Written By: Rachel, King County Advocate

It is a common belief that human trafficking victims are kidnapped or otherwise violently brought illegally into the country and forced to work. While this is an unfortunate reality, more often trafficking victims have come to the US legally on temporary work visas. They are then forced into labor under the guise of legal employment, especially in the fields of agricultural, hospitality, domestic service, construction, and restaurants. Temporary work visas are often tied to a single employer, and a person is deportable if they leave that employer, and traffickers will use this against their victims using the threat of deportation as a constant tool for exploitation.

Additionally, the recruitment fees that can be attached to these visas are also leveraged to continually keep the victim in a financial debt to the trafficker. The victim will be told their labor and wages are being used to pay off their debt, and this will continue indefinitely as the trafficker will never consider their debt paid and thus not pay the workers for their labor. In many circumstances, their documentation is taken from them, they are lied to about their rights or punished for standing up for legally protected rights, and are given false contracts or contracts in languages that they do not understand.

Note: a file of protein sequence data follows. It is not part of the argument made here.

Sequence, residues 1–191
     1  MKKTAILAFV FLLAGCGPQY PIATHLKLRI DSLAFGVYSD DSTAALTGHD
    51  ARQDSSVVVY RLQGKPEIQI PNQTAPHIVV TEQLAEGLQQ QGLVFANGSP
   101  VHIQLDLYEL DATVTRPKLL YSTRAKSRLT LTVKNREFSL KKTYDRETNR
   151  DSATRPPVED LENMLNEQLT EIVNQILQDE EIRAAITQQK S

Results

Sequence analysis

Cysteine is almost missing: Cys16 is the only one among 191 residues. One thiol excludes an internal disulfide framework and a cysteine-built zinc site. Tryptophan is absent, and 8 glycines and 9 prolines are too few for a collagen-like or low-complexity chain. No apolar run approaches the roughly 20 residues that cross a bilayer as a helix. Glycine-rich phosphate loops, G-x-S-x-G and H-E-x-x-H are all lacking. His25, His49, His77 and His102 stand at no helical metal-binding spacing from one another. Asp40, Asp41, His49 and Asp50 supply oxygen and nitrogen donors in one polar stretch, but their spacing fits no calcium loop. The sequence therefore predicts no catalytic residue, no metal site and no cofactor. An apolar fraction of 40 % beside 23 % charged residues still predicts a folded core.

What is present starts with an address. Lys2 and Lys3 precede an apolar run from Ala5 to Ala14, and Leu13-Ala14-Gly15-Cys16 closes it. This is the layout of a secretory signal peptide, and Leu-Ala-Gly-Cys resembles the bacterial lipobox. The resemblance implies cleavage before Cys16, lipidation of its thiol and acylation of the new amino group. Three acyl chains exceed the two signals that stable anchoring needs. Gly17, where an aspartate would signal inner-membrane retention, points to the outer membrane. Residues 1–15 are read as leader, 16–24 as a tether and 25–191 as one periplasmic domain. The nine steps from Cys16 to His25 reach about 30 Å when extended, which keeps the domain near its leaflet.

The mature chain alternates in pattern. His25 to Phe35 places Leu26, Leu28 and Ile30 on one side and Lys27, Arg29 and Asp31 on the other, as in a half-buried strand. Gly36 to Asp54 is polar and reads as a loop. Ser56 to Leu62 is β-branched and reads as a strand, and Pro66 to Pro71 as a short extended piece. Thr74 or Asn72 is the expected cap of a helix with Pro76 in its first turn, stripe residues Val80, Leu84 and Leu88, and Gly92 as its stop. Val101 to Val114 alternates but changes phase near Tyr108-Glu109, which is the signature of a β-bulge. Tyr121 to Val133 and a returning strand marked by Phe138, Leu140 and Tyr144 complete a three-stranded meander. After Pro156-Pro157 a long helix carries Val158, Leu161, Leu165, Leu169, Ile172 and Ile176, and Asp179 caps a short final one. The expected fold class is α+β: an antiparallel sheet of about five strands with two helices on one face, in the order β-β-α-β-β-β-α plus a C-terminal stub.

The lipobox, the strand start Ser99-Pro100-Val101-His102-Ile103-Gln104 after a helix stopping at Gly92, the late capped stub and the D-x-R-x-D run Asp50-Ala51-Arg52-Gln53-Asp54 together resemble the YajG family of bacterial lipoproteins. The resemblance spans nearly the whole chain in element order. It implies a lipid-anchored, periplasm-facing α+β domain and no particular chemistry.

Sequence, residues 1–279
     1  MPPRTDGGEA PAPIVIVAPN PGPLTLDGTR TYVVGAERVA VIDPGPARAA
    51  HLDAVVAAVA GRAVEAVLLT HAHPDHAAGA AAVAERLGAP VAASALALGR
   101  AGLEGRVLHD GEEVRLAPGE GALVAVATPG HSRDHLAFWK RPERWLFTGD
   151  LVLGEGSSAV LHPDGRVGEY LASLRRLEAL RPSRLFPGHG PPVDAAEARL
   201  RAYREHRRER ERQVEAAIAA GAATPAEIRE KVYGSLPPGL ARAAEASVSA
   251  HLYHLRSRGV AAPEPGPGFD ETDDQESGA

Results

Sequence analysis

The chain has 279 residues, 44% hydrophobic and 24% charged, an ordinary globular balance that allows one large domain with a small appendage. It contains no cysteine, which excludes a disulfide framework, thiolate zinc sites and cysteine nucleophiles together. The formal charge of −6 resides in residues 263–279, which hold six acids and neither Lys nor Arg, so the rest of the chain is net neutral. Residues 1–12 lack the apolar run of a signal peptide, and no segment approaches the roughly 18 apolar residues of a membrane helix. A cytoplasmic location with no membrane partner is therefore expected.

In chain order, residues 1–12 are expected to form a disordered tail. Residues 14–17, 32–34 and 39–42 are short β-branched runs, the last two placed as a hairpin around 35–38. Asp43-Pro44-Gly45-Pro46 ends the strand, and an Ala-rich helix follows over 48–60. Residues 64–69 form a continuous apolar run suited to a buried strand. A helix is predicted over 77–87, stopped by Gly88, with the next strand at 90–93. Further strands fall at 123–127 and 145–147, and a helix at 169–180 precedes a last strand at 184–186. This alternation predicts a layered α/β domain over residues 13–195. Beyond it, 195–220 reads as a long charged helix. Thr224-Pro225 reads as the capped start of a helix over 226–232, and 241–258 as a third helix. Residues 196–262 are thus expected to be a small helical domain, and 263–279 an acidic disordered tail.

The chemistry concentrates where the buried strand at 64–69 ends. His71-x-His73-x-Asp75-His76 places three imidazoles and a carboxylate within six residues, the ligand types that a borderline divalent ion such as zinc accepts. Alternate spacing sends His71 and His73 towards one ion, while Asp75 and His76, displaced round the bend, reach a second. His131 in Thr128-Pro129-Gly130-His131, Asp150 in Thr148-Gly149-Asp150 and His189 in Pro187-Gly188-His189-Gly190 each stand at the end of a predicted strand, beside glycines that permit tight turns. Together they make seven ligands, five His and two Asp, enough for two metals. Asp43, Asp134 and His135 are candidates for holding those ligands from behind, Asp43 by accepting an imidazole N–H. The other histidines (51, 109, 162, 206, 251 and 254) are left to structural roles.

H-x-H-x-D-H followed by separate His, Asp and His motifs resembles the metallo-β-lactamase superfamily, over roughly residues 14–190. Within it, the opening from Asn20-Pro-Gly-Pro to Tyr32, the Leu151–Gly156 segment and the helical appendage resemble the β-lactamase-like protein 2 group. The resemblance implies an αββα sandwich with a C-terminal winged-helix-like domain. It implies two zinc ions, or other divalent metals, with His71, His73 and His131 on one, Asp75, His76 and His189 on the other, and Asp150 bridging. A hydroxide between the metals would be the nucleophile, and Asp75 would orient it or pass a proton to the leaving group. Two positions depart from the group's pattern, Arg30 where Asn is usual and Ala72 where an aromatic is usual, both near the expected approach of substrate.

According to Polaris Project, to help combat the use of temporary work visas as a means to traffic people by supporting legislation that:

  • Unties all visa categories so workers are no longer required to work for a single employer as a condition of their work visa.
  • Enforces bans on recruitment fees so foreign labor recruiters are barred from collecting any money from would-be visa holders for any services or activities, including the facilitation of paperwork or travel services. Companies should also be held liable for the use of recruiters who charge or take money from workers as a condition of employment.

You can always report any suspicion of human trafficking to National Human Trafficking Hotline at 1-888-373-7888 or texting “BeFree” (233733). Someone might be in labor trafficking if they:

  • Feel pressured by their employer to stay in a job or situation they want to leave
  • Owe money to an employer or recruiter and/or not being paid what they were promised or are owed
  • Do not have control of their passport or other identity documents
  • Are living and working in isolated conditions, largely cut off from interaction with others or support systems
  • Appear to be monitored by another person when talking or interacting with others
  • Are being threatened by their boss with deportation or other harm
  • Are working in dangerous conditions, without proper safety gear, training, adequate breaks and other protections
  • Are living in dangerous, overcrowded or inhumane conditions provided by an employer